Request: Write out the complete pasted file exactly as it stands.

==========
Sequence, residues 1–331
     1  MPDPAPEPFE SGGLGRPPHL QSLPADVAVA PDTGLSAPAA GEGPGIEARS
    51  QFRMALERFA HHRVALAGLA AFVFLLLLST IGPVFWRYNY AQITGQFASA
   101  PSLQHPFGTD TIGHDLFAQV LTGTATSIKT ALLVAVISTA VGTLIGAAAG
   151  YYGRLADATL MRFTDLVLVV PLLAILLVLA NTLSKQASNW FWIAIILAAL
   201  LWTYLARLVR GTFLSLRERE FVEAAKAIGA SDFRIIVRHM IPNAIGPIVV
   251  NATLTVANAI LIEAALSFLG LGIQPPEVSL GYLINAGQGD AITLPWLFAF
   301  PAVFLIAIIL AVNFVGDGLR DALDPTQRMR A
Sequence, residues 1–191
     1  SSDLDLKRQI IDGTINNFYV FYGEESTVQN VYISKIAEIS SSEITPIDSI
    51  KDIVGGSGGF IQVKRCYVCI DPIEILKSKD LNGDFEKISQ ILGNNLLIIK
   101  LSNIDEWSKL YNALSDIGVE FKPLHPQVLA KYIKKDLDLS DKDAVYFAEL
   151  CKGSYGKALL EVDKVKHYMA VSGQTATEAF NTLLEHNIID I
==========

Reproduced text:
Sequence, residues 1–331
     1  MPDPAPEPFE SGGLGRPPHL QSLPADVAVA PDTGLSAPAA GEGPGIEARS
    51  QFRMALERFA HHRVALAGLA AFVFLLLLST IGPVFWRYNY AQITGQFASA
   101  PSLQHPFGTD TIGHDLFAQV LTGTATSIKT ALLVAVISTA VGTLIGAAAG
   151  YYGRLADATL MRFTDLVLVV PLLAILLVLA NTLSKQASNW FWIAIILAAL
   201  LWTYLARLVR GTFLSLRERE FVEAAKAIGA SDFRIIVRHM IPNAIGPIVV
   251  NATLTVANAI LIEAALSFLG LGIQPPEVSL GYLINAGQGD AITLPWLFAF
   301  PAVFLIAIIL AVNFVGDGLR DALDPTQRMR A
Sequence, residues 1–191
     1  SSDLDLKRQI IDGTINNFYV FYGEESTVQN VYISKIAEIS SSEITPIDSI
    51  KDIVGGSGGF IQVKRCYVCI DPIEILKSKD LNGDFEKISQ ILGNNLLIIK
   101  LSNIDEWSKL YNALSDIGVE FKPLHPQVLA KYIKKDLDLS DKDAVYFAEL
   151  CKGSYGKALL EVDKVKHYMA VSGQTATEAF NTLLEHNIID I